Book review: The Barrier by Shankari Chandran

I got around to writing a Goodreads review for Shankari Chandran's new book. I actually really think she's found her groove with this fast paced fun style of writing and I can't wait for the next one. Speaking of writing, I'm going to try and put some thoughts down about what is going on for me at the moment, in terms of parenting, my divorce and also my time on prac (for my nursing studies I'm doing clinical practicum in an emergency department). Until I do though, you should totally read the barrier (Aussies can buy it easily in bookshops - Dymock's stocks it and others will get it in) The BarrierThe Barrier by Shankari Chandran
My rating: 5 of 5 stars

The Barrier is a far cry from Shankari Chandran's Sri Lankan debut novel Song of the Sun God (a family saga, set in Australia and Sri Lanka over several generations - the kind of book that wins literary awards).

The Barrier is a thriller set in a dystopian post-apocalyptic world, a world looking more and more like the present (I suspect the author wishes she was less prescient!). Travel between East and West is banned (a Muslim travel ban, written pre-Trump) and information and biotechnology are used as weapons. The author has created a future world order that lays bare the present day hypocrisies - the rhetoric of democracy, security, terrorism and the axis of evil have travelled from 9/11, down the decades to this novel's near future (2040) setting.

The Barrier asks big external questions about the world, but also some big internal questions. It explores what happens when there is head with no heart, thinking with no feeling and biotechnology becomes more important than people's souls.

With deadly diseases, warring between east and west, and a hero who has to question everything he thinks he knows, The Barrier is a page turner with brains and heart

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The Barrier by Shankari Chandran

The BarrierThe Barrier by Shankari Chandran

I have read some spoilers for this already and I cannot wait to get my paws on an actual copy! Only another month til it's release! Wheeee!

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A Letter to a Friend

Unusually for nursing school I was at a table with three men (boys?) today. I have had classes with all three and am quite friendly, but one of these young men is someone I count as a really good friend. More than just a contextual 'uni friend' the guy is someone who has said the right thing to me when I was upset, helped me when I wasn't really managing and he's someone I really trust, which is so important to me. I used to have lots of male friends but now I only have a few. I really value this friendship but sometimes I ask myself 'can men and women really be friends?' Not for the usual reasons people ask that question but because of the power imbalance that lets men completely discount what I say because it doesn't suit their reality.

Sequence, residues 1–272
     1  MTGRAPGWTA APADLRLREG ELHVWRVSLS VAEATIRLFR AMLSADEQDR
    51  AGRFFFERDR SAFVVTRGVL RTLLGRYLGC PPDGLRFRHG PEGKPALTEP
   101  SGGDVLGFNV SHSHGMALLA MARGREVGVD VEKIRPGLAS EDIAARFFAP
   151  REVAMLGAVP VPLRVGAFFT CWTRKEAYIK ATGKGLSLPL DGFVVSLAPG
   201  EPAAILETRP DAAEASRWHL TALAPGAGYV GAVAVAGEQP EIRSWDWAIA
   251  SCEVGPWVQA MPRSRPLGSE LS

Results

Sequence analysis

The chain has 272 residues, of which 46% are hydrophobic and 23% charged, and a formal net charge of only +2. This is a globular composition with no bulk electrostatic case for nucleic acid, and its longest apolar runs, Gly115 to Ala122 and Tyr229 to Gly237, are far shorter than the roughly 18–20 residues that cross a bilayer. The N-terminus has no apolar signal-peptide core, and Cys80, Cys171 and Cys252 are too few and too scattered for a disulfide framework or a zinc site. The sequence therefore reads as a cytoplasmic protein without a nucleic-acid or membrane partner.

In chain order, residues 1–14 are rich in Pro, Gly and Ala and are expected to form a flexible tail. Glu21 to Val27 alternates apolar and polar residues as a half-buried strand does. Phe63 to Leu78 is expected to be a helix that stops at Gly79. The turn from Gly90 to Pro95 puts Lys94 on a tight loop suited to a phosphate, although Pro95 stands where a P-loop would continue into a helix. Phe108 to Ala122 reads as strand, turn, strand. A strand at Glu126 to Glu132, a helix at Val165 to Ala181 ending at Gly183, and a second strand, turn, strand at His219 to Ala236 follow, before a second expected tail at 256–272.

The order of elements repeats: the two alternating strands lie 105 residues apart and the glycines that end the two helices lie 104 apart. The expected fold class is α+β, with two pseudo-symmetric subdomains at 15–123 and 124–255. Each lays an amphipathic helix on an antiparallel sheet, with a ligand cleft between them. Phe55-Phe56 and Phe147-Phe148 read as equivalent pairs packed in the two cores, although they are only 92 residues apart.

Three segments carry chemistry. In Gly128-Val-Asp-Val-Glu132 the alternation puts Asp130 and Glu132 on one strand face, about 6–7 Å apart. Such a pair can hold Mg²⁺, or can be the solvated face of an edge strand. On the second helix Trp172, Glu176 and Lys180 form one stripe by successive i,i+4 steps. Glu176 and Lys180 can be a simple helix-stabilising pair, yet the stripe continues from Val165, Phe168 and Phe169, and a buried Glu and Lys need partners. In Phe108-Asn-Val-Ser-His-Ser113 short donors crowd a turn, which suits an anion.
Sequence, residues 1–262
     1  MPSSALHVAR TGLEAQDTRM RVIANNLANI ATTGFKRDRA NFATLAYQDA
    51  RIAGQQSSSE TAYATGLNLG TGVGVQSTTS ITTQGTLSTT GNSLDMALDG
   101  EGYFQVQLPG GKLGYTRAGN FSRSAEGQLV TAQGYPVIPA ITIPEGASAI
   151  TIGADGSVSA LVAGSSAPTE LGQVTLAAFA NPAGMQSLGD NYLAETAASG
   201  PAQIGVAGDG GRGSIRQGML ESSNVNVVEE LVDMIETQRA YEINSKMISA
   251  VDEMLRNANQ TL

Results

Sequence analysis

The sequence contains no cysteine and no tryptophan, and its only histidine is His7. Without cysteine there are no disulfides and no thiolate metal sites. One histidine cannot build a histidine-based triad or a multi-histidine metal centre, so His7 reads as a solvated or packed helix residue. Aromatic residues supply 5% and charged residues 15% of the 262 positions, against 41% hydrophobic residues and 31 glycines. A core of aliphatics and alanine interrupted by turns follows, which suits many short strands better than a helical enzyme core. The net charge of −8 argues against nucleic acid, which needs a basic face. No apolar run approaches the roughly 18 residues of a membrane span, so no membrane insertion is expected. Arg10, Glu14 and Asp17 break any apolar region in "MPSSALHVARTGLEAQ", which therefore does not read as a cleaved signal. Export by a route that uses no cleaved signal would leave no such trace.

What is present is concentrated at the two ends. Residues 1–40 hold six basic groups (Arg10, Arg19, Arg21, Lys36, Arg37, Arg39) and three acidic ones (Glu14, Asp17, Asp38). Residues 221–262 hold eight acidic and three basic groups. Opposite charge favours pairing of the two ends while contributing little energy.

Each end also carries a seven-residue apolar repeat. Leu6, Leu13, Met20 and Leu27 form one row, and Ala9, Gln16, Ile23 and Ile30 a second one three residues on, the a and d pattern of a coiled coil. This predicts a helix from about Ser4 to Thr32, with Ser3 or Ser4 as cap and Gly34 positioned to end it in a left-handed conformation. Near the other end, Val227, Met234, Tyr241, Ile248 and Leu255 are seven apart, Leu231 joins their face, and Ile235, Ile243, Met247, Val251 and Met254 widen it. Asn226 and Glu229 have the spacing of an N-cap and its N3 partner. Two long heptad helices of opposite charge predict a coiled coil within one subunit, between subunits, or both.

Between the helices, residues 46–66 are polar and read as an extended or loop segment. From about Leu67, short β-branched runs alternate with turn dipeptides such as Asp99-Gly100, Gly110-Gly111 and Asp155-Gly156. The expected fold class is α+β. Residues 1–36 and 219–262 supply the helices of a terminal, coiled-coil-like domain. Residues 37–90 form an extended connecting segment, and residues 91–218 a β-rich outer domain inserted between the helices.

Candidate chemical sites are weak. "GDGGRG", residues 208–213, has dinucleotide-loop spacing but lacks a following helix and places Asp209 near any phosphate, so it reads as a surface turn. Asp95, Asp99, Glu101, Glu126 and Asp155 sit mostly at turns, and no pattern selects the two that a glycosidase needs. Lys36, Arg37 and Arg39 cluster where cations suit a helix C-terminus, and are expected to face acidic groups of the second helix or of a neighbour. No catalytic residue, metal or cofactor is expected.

As we sat in class today I was chatting and trading cheerful insults with the table opposite while I waited for you, or one of the others at the table, to tell me what your internet searches had found on our topic. You teased me for me noisiness, asking if we were going to get any work done. At the time I made some snarky remark but I felt like I'd been slapped, and a gut-dropping, chest-tightening sensation of shame. I had been silenced and I wondered if my cheeks were flaming because they sure felt like it.We set about our work and somehow I managed to stay light, and over the half hour or so I managed to get back my equilibrium, but you didn't notice that whenever one of you spoke I hurried to shut up, not wanting to be accused of being the noisy one or talking over any of you or controlling the conversation in any way.When the teacher asked who in our group was going to present our ideas to the class I tried to make eye contact with all or you. I said your name; "you do it" but the three of you refused to meet my eye. This is important - I was comfortable talking for our group but I not only checked if someone wanted to do it, I pushed each of you individually to get up, not wanting to get in the way of a learning opportunity for any of you. None of you declined politely, you all flatly refused to engage in any way, leaving me with choice of pretending I didn't exist and hoping the teacher would pick one of you, or just getting up and doing the job we had to do. As you know, I got up, muttering curses in the direction of the table but as I sat down in front of the class you said, if a quiet voice designed to carry, "she loves it" and again I felt my cheeks flare. Our teacher, who had commented to the class on the fact none of you would make eye contact and that your refusal to volunteer had made it my obligations, then made a joke about you having given up your right to speak when your inaction forced me to volunteer. And that was the point when I nearly lost my cool altogether. I think I spat 'when a woman says no she means no' at you, which wouldn't have made sense to you at the time but what you did was remove the power of choice from me, forcing me to do something against my will, and then despite evidence to the contrary you said that I loved what you had done to me. Again I was humiliated, but because I'm really good at faking it, and because there was a class full of people watching me, waiting for me to talk I pulled myself together, squashed those feelings of betrayal down into a box in my already broken heart and proceeded to comfortably lead the discussion for the next few minutes.I know you didn't mean to upset me or publicly humiliate me but you need to know that your words have weight, your teasing and jokes can trigger nasty feeling from the past and that patterns of speech and behaviour have context in power imbalances. Gender inequality is a real thing and if you can't see it it's because your privilege has allowed your blindness, not because it doesn't exist.